Look at the detail on  this ostrich egg!

  
I also spotted a ditty bag along with some needles and a seam presser.


And then, all too soon, our trip was nearly over. We next headed to Portland to catch our flight home. We allowed an extra day to visit a needlework shop, Acorns and Threads, to have lunch with friends,  and to visit Powell's Books  (probably the biggest book shop you've ever seen).

In my next blog post I'll show you some photos we took at Acorns and Threads.

Monday, October 6, 2014

We're Back!

We recently returned from a wonderful and relaxing trip to the west coast. The scenery along the northern California and Oregon coasts was so spectacular that I thought I'd share a few of my favorite photos with you!!!

We flew into San Francisco and rented a car. Our first stop was for a few days in the Sonoma Valley. Last year I discovered a wonderful B&B in Healdsburg, and we stayed there again.

About half the grapes had already been harvested, but there were some still on the vines.



One day we drove over to beautiful Bodega Bay.






After leaving Healdsburg, we leisurely headed north, often stopping to enjoy the sights.





Bandon, Oregon was one of our favorite places.





We found the beach in Bandon covered with beautifully colored pebbles.


We quickly discovered that the pebbles are most beautiful when they are wet, so when we got back to our inn, I wet some pebbles we had gathered so we could enjoy their beauty. We want to figure out how to permanently keep them so beautiful.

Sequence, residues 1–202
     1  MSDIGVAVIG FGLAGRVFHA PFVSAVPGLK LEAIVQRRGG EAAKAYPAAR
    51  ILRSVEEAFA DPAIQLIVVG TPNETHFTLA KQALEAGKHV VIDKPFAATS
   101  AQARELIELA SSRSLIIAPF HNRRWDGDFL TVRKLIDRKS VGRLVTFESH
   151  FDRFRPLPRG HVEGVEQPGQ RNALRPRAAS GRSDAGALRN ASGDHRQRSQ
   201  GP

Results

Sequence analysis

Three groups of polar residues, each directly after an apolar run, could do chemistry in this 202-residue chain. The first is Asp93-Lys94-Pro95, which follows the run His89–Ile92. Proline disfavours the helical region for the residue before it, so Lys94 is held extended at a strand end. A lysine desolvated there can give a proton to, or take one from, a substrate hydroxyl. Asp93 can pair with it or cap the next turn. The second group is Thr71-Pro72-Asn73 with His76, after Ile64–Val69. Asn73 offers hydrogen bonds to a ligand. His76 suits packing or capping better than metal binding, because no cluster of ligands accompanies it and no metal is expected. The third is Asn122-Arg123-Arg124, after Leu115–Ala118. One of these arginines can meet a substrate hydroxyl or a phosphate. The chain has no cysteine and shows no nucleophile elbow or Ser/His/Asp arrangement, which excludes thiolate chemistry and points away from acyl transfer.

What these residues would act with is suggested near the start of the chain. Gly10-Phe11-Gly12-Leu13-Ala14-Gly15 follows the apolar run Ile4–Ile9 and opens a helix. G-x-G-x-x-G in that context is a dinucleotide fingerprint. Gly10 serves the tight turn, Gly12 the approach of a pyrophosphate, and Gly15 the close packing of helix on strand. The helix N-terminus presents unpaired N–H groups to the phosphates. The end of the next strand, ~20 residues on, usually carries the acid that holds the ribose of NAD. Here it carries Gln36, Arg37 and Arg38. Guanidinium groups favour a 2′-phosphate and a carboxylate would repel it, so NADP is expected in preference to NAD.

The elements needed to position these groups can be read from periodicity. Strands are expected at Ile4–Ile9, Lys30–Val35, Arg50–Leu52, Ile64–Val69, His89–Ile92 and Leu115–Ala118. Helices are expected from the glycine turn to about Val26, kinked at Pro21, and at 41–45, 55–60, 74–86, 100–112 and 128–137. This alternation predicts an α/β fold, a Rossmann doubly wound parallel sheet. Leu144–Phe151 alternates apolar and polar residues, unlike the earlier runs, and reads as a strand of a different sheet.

Here are some more photos we took as we walked along  the beach.










This poor ship ended up nestled among some trees quite a bit from the water, most likely the result of  a very bad storm, or perhaps a tsunami.


Lighthouses dotted the coastline. With the very rocky coast, you can well imagine their importance. Here is one we visited.


Newport is known for its sea lion population.



Our next stop was Depoe Bay, which claims to be the world's smallest harbor. Whales are frequently seen offshore here. In fact, about 10 whales are year-round residents. It was so  much fun to see whales from our window!

Here is a photo taken at sunset our first night.


And here is another taken the following night before dinner.


We continued our drive north towards Astoria, stopping along the way to view the sights, walk along the beaches, etc.


 These next photos were taken at Ecola State Park. The entrance looks like a magical forest.


Perhaps you can spot the Tillamook Rock Lighthouse in the distance on top of the very large rock in the sea. The lighthouse was decommissioned in 1957 and is now privately owned. It now serves as a crematorium and is designed to hold the ashes of more than half a million people.



Next we stayed in Astoria. Our hotel was on a pier on the Columbia River in the shadow of this magnificent bridge connecting Oregon and Washington.



We didn't have a lot of time to explore Astoria, but we made it to the Maritime Museum. I'll save the photos we took of some scrimshaw until my next blog post. For now, I'll leave you with  this view of the Columbia, which is a floating lighthouse and part of the museum's collection.


We both agree that this was one of our most relaxing vacations ever. We had no plans other than where we were staying and a couple of dinner reservations.  We simply took each day as it came. We enjoyed our trip so much that we are already thinking about a return trip in the not too distant future.